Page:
Review of Irish Film @ Cork Film Festival: Power on the Box


Annie Curran checks out  a preview screening of the first episode of RTÉ’s upcoming television docuseries, Power on the Box, which screened at the 2016 Cork Film Festival.

Audience members at the 2016 Cork Film Festival were treated to a preview screening of the first episode of RTÉ’s upcoming television docuseries, Power on the Box. The four-part series, hosted by Irish Times journalist Harry McGee, details the impact of Irish television on politics during the last 50 years.


The documentary balances interviews from politicians and journalists, weighing both the positive and negative effects of television on the bureaucratic landscape. McGee provides the viewers with a variety of differing opinions and does not suggest which side of the argument he falls on, stating only that “there’s no denying the power of the box in the corner.”


The first episode chronicles the creation of the television branch of RTÉ, which officially premiered on December 31, 1961. As Irish historian and longstanding RTÉ broadcaster John Bowman describes, politicians “weren’t ready to be on screen.”


Skeptics of television included Éamon de Valera, who compared it to an atomic bomb and expressed his concern over the harm it could cause. In contrast, Taoiseach Seán Lemass said television could be an “instrument of public policy.” Additionally, former Fianna Fáil Minister Noel Dempsey says that seeing politics on camera is what made him want to pursue his governmental career.


The majority of the episode is devoted to detailing the implications of Section 31 of the Broadcasting Authority Act, which gave the Minister of Posts and Telegraphs the ability to issue a Ministerial order to prevent RTÉ from airing interviews with Sinn Feinn and IRA members. The documentary includes interviews with politicians who think Section 31 was necessary, as well as those who decry the censorship and fault RTÉ broadcasters for cowering to it. The most critical view comes from Sinn Fein President Gerry Adams, who tells McGee that Section 31 delayed the peace process.


One of the most fascinating and ultimately humorous moments in the episode stems from the discussion of how RTÉ was able to work around the limitations of Section 31. The network could broadcast footage of Sinn Fein and IRA leaders if actors dubbed over their voices. McGee interviews famed actor Stephen Rea, who provides an entertaining account of the voice-over work he completed for the network. Adams tells McGee that he thinks the actors’ voices were better than his own and that Rea was his favorite version of himself.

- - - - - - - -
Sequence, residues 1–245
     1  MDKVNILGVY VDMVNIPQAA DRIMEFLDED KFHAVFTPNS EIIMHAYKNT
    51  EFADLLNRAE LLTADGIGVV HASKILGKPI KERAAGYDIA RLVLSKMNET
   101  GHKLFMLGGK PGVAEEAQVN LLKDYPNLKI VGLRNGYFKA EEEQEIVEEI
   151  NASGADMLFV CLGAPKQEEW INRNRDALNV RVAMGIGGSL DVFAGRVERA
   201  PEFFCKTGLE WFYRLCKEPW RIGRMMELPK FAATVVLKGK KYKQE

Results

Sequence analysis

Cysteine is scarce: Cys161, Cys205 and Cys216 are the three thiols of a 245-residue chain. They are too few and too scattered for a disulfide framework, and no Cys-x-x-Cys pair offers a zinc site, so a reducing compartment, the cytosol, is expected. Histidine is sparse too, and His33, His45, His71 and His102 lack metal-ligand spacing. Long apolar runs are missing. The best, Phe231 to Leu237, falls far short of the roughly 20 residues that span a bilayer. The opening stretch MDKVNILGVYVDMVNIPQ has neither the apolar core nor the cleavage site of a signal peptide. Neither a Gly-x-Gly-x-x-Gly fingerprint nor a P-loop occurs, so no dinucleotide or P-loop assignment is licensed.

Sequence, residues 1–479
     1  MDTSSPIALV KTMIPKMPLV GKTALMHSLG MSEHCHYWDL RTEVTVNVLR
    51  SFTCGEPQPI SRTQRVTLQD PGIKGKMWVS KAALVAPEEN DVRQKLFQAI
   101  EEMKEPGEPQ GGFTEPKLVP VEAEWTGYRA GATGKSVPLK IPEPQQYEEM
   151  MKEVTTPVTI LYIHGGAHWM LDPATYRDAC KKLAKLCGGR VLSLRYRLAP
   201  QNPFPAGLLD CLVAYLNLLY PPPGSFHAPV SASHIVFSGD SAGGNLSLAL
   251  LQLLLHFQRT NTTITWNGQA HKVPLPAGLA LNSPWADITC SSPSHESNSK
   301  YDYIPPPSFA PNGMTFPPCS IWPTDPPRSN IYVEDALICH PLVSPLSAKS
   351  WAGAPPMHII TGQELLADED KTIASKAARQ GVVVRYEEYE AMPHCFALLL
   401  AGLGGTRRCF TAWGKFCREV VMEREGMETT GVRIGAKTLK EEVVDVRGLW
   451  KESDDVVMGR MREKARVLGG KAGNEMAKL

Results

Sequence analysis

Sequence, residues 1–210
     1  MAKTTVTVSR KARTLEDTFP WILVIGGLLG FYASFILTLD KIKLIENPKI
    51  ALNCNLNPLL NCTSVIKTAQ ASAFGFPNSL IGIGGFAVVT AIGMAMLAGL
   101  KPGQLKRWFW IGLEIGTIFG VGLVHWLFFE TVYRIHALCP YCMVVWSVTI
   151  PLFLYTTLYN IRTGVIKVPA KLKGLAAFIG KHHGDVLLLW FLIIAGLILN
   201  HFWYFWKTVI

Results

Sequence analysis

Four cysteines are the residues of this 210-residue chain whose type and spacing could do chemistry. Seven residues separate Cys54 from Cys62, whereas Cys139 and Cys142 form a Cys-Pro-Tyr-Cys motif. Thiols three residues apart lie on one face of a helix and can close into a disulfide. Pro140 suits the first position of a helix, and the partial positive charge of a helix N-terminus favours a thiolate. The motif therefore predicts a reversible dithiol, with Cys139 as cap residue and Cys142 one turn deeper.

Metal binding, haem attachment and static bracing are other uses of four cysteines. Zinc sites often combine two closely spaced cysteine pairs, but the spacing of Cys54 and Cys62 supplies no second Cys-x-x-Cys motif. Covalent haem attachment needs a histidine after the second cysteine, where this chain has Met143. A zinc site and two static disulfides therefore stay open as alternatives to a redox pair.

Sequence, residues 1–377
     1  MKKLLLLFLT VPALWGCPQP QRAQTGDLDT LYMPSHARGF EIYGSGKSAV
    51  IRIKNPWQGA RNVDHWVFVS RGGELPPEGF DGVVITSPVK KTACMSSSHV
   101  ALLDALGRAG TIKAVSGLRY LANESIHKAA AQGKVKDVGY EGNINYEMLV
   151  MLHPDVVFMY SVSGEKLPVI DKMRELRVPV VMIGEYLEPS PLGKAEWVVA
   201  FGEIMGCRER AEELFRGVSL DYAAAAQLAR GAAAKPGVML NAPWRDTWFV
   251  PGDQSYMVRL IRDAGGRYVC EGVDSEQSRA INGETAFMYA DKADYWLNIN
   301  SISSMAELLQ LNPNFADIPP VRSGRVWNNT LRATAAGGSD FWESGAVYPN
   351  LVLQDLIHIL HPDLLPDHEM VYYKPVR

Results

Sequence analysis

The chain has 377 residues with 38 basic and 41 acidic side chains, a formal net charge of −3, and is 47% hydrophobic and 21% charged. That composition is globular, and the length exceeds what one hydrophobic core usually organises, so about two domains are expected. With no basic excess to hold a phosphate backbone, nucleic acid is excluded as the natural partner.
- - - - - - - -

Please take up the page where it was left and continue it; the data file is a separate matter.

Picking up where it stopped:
McGee also travelled to the U.S. and attended the 2016 Republican Convention. Considering Donald Trump’s surprising victory in the recent election, this footage is even more powerful now, and only further proves the correlation between media attention and political success.


The screening at the Cork Film Festival was followed by a panel discussion hosted by McGee. Compliance Committee Member for the Broadcasting Authority of Ireland Dr. Ciaran Kissane; University College Cork History Department Lecturer Dr. Finola Doyle-O’Neill; and Communications Executive at NUI Galway, Acadamh Dan Dwyer provided fascinating context to information presented in the documentary. For example, Doyle-O’Neill informed the audience that since the Irish were already buying televisions and accessing world news, the state felt it was important to create an Irish network so that citizens would not get all of their information from British or American sources.


The panel also raised the excellent point that scripted television shows and talk shows have perhaps influenced public opinion more than television news shows. The first episode does not address this point, and thus perhaps misses the full implication of the power of television. However, because of the confines of a four-episode format, it is understandable that the producers honed in specifically on televisions news.


Additionally, the episode featured a major lack of women. This is certainly accurate to the disparity of genders in both politics and journalism, however I hope that future episodes feature more female voices.


The first episode of Power on the Box will air on Monday, 28th November at 19:30 on RTÉ1. The rest of the series will delve further into the tensions between journalists and politicians by reliving more consequential moments in the history of Irish television.


Power on the Box screened on 17th November 2016

The Cork Film Festival 2016 runs 11 – 20 November


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